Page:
If you’ve ever carried a sales bag, you know about rolling up a forecast. If you’re hitting your number, it’s the easiest meeting of the week. If you’re missing, you’d probably rather be at the dentist.
Stepping back from the forecasted number itself, let’s first talk about the methods to the madness. Despite the incredibly high amount of time spent on forecasting in nearly all sales organizations, there is very little training for reps or managers on how to actually do it. Instead many companies leave the teams to develop their own forecasting playbook. And until a forecast is missed, few do any due diligence on that approach.
But forecasting shouldn’t be a sausage-making process. Here are three approaches to get it done that sales leaders can use to develop a playbook that will stand up to stress testing.
The most common method of forecast is one that leans on the rep’s gut feel around a deal. Reps in this method get to call their shot on a deal-by-deal basis, and managers are there to serve as a referee and keep them honest. Excelling at this forecasting method shows a strong grasp of the individual opportunities.
Pros: This is the easiest, most common, and quickest to implement forecasting system. Most reps you hire will be familiar with it. You get deal-by-deal specifics (“Is the Acme deal in the forecast still?”) with minimal training. The reps get a forecast they can control, which reps typically like. It does not require depth in systems nor sales methodology. It’s ideal for small pipeline volume (roughly 10 or fewer opportunities) and the really big deals.
Cons: This method is highly subjective. When it’s wrong, it’s hard to pin-point why or to do anything that will prevent it from happening again. And it’s often wrong. Additionally, different reps have different tendencies: some have happy ears and thing everything will close while others are pessimistic until the contract is signed. Managers need to know each rep well to understand how to adjust their forecast accordingly, a process that will take a few iterations. So while it’s quick to get started, it will take a very long time to perfect.
Assign a likelihood of closing the deal based on its opportunity stage. The later the stage, the higher the chances of winning. This puts the focus of the forecasting exercise on understanding where the buyer is in their journey. Excelling at this forecasting method shows a strong grasp of the sales process.
Pros: This method is much more quantitative than the deal-based approach, but still allows reps to control the outcome since they control the stage of an opportunity. Once setup, it’s quick and easy to run. If the percentage chances of winning are assigned based on historic values and updated quarterly, this is likely to be a very accurate forecast.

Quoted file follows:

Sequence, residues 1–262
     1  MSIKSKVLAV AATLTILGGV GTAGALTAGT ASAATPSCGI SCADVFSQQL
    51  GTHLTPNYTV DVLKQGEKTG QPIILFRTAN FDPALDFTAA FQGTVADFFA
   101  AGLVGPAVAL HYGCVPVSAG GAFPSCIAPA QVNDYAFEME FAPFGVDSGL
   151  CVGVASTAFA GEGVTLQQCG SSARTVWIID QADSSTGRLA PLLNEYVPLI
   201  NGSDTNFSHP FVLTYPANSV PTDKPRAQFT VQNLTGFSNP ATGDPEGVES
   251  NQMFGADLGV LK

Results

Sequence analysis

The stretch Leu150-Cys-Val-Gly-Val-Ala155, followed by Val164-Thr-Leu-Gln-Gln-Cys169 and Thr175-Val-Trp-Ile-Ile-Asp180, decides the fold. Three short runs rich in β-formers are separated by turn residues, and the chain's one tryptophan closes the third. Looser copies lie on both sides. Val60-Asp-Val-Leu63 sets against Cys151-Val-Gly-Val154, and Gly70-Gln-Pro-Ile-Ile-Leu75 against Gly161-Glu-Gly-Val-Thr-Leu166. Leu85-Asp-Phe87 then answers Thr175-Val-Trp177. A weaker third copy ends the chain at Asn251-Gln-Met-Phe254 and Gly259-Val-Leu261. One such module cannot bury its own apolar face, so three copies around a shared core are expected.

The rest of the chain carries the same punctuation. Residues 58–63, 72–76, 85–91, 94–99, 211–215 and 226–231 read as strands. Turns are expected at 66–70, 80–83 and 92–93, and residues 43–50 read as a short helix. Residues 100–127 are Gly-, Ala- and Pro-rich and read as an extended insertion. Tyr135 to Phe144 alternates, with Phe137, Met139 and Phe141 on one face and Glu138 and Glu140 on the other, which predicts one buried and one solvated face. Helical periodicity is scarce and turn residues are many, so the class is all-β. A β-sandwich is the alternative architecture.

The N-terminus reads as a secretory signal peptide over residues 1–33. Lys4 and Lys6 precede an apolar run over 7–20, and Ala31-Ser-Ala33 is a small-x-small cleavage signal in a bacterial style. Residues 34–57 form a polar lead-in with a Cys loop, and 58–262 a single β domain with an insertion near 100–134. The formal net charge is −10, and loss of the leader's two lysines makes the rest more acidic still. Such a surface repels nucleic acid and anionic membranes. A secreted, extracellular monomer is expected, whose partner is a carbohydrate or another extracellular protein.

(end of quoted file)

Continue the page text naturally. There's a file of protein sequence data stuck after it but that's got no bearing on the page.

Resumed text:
Cons: To forecast this way, an organization needs to have a solid sales methodology. The entire team needs to be focused on the buyer’s journey. Stages need to have clear, auditable entrance and exit criteria which define what moves an opportunity to Stage X. For example, to be in “Propose and Negotiate” the customer must have requested a quote and agreed the tool solves the pain point they have, and the rep must have identified the economic buyer. The method is based on the idea that a deal in a certain stage is going to perform like (i.e. have the same win rate as) all the other deals in that stage, so homogeneity is key. This requires strong process adherence, or you’re actually just doing a concealed deal-based forecast.
Bottoms-Up Model Forecast
Marketing generates leads, which are converted to opportunities, which are won as deals with an average sale price. Re-write that sentence to accurately describe your business, and fill in the numbers to generate this forecast, starting with last month’s actual lead volume. Excelling at this forecasting method shows a strong grasp of your company’s go-to market approach as well as the overall market dynamics.
Pros: Your Finance team or CEO likely already has built one of these, as they probably used it to set your annual number. So why not pressure test it on a more frequent basis to see how it’s matching up to reality? The formulaic forecast doesn’t leave any room for reps to game the system or hide deals. Anyone with access to the data can roll it up any time without bothering the reps (and taking them off the floor). The best part is that it is very linear and mathematical, allowing leaders to explain exactly how they made or missed the number. While it may sound obvious, those answers aren’t always so clear. Having them allows an organization to surgically attack issues that are slowing growth.
Cons: While the science of this method is its greatest strength, it’s also the biggest weakness. Companies spend big money to have sales teams talk to their prospects and gather a lot of great qualitative information, all of which is summarily ignored in this method. Not only can a rep not control the forecast, they don’t even get a vote. This forecast is very disconnected from the battles at hand, and as a result is especially inaccurate in the final stretch of a forecasting period.
It’s worth noting that while these methods are very different, they are not mutually exclusive. You can have art and structure. I personally recommend finding the right balance of deal-based and stage-based for your company, having a structured approach yet allowing for reps to over-ride the system when needed. Then take that forecast and smash it up next to the model forecast, which you can run in the background. How do they compare? Can you explain the differences?
Remember, forecasting isn’t just about calling your shot. It’s about understanding your business so you know what adjustments need to take place to continue driving growth.
Very interesting! Thanks for sharing